What is the Average Review Score of Each City’s Japanese Restaurants?
The city with the best reviewed Japanese restaurants according to Google is São Paulo, with an average score of over 4.5/5. This is no surprise considering Brazil’s position as the country with the largest Japanese population outside of Japan (many of whom emigrated in the 20th century and prospered in the state of São Paulo) – the country’s strong Japanese sub-culture is clearly well-established.
Indonesia’s Jakarta finishes close behind in 2nd place, with an average score a fraction lower than São Paulo. Of the rest of the top ten, both the USA and Mexico stood out with Chicago and Los Angeles in 3rd and 7th, and Mexico City and Guadalajara in 8th and 10th.
Moving on, let’s find out which cities have the highest proportions of more affordable Japanese restaurants.
The Best Cities for Affordable Japanese Restaurants
This data point is based on each city’s proportion of “cheap eats” Japanese outlets, as monitored by Tripadvisor.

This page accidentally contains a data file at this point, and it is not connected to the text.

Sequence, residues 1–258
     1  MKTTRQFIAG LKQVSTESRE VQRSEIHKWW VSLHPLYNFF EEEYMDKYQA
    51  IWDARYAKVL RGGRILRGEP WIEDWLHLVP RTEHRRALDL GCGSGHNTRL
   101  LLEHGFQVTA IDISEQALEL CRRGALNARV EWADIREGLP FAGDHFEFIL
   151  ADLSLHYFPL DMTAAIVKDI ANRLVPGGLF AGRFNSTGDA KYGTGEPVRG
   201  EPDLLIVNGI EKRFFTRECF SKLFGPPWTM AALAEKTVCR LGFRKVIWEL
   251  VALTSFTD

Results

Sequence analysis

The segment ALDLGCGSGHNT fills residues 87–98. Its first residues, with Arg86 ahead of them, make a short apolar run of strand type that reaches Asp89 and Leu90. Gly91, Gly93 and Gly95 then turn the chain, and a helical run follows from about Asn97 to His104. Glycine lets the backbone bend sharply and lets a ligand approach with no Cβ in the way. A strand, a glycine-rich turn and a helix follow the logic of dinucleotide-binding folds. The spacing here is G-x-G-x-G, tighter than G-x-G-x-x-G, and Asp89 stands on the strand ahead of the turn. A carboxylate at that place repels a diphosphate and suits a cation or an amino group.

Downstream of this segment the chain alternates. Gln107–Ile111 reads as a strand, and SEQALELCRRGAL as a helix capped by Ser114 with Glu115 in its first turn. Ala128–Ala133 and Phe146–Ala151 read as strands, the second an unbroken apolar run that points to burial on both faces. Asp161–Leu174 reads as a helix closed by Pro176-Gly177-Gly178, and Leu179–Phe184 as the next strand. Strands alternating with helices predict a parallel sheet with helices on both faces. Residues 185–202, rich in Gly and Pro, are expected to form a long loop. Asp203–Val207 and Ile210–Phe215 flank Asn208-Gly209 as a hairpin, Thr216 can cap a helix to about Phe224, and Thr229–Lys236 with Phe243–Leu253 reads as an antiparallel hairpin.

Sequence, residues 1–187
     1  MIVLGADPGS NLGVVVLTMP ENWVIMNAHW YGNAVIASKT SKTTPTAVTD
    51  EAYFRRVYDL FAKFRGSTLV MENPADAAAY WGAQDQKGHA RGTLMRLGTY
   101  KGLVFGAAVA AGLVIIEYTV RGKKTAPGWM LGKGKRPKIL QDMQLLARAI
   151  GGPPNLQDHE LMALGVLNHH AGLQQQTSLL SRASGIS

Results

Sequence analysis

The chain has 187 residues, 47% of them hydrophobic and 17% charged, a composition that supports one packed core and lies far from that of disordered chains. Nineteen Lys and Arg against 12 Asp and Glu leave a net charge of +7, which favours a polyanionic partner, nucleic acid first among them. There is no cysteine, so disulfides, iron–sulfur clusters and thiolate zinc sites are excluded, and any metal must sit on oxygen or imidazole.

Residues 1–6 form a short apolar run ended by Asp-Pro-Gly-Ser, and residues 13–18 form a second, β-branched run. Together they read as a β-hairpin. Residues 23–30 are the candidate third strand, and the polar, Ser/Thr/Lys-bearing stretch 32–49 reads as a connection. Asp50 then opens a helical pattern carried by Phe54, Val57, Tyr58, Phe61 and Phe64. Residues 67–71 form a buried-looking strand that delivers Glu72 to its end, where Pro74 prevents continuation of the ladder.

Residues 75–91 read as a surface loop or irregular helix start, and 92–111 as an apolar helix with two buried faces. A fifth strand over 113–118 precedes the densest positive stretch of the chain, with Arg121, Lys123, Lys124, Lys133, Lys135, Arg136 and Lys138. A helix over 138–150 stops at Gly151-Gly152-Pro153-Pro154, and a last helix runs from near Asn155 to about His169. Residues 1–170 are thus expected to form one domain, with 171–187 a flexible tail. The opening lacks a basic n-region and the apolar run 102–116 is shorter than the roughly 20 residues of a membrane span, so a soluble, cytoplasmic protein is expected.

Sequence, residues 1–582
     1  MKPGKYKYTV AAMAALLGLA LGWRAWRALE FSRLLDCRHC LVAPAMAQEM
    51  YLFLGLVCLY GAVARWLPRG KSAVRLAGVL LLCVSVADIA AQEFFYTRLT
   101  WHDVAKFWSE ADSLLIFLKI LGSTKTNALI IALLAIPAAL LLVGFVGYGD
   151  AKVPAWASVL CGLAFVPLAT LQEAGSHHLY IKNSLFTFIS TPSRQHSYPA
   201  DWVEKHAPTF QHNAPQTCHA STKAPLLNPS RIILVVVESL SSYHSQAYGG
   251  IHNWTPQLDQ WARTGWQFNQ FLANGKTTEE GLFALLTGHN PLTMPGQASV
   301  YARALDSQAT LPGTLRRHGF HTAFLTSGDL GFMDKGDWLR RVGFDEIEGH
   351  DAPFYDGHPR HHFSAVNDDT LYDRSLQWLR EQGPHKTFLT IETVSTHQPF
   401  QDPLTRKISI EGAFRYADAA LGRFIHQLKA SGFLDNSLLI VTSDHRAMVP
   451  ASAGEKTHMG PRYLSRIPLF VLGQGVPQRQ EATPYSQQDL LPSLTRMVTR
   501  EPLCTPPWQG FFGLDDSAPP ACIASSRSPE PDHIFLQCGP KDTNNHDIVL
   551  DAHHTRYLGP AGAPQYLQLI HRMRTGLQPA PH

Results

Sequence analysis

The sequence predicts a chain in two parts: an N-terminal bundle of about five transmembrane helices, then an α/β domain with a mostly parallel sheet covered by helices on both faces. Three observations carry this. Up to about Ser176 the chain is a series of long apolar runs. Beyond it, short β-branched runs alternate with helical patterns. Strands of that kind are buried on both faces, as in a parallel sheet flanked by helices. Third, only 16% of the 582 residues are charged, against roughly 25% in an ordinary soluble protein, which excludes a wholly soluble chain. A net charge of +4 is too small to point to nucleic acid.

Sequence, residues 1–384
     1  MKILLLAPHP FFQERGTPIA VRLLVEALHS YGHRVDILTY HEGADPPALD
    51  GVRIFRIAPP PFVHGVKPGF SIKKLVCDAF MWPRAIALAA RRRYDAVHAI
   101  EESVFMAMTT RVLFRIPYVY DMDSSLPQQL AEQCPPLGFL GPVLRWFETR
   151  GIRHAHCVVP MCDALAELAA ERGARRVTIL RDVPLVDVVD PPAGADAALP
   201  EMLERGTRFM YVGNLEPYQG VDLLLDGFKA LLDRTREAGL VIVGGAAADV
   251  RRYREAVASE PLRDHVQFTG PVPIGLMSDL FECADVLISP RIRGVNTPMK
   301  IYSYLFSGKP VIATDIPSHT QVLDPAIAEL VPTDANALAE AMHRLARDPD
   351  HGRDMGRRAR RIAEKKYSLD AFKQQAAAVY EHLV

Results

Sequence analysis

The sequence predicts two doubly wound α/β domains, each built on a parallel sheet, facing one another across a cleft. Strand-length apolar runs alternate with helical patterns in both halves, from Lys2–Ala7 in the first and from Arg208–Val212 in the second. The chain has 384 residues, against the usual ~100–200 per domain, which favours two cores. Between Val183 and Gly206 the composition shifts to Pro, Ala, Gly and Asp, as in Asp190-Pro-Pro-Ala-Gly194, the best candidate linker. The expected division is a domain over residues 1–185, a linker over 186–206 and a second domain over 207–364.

Davao City in the Philippines has the highest proportion of affordable restaurants according to TripAdvisor. Other countries that stand out include Colombia with Medellín in 2nd and Cali in 4th, Italy with Rome in 3rd and Milan in 5th, and Vietnam with Ho Chi Minh City in 6th and Hanoi in 10th.
Finally, let’s take a look at which cities have the most Michelin-recommended Japanese restaurants per capita.
Which Cities Have the Most Michelin Guide Japanese Restaurants per Capita?
As already discussed, the city with the most Michelin-recommended Japanese restaurants outside of Japan was Samut Prakan, with over 5 restaurants for every million people.